Sanctification also is included, and again without works. It is dependent upon nothing that the sinner does. He must simply entrust himself to the Lord Jesus Christ and the Holy Spirit, and be content to have God in him meet and overcome foes with which he is un-able to cope.Scarcely less wonderful is it that all these divine mysteries, so profound and so unspeak-able, are yet in practicable application so simple that they are not beyond the reach of the humblest little child. All that are capable of sinning, that have enough intellect, and intelligence, and will to be responsible for action, are equally capable of faith; so that, while the Bible is full of grandeur and ineffable sublimity, so that even the angels them-selves vainly desire to look into and penetrate the mysteries of God, there are no mysteries in duty.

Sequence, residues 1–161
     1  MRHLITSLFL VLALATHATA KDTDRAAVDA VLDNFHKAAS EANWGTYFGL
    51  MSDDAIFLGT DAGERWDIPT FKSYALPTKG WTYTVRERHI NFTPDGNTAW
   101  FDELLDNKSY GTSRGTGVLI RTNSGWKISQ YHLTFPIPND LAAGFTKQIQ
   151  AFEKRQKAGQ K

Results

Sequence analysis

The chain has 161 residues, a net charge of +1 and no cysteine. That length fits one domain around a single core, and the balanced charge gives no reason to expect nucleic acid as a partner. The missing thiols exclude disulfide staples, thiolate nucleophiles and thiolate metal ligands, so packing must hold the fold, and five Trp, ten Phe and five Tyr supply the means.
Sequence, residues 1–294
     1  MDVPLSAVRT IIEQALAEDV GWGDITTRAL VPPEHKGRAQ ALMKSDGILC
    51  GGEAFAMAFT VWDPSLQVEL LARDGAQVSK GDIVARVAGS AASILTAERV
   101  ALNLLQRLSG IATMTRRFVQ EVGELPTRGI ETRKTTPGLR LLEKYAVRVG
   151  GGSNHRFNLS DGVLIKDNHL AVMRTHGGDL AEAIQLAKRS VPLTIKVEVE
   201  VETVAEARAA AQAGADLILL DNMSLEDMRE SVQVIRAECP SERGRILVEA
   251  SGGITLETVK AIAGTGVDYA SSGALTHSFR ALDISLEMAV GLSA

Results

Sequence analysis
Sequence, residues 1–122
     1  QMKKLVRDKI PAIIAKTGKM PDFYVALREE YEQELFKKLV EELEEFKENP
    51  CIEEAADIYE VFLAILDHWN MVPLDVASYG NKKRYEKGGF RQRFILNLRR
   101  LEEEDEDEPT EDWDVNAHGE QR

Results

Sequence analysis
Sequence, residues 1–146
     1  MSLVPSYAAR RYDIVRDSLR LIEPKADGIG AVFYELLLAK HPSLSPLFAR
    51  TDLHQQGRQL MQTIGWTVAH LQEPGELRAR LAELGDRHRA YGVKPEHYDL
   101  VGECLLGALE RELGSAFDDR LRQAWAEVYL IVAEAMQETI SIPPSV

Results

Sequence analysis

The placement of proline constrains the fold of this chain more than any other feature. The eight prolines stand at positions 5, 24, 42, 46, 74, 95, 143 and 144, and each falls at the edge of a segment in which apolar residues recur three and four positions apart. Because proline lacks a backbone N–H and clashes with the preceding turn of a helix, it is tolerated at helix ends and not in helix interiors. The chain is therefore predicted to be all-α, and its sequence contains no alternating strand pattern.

Salvation is thus put within reach of every sinner. All this constrains us to exclaim, with the Apostle Paul: " For who hath known the mind of the Lord, or, being His counselor, hath taught Him?" "For of Him, and through Him, and to Him, are all things, to whom be glory for ever" - "of Him," as a source; "through Him," as a channel; "to Him," as the final ocean into which all empties. God is the beginning, the middle, and the end of the whole method of salvation. There is no room either for human works or for human glory, no disputing or dividing the honor with God, no room for boasting. We can only glorify the infinite grace that saves.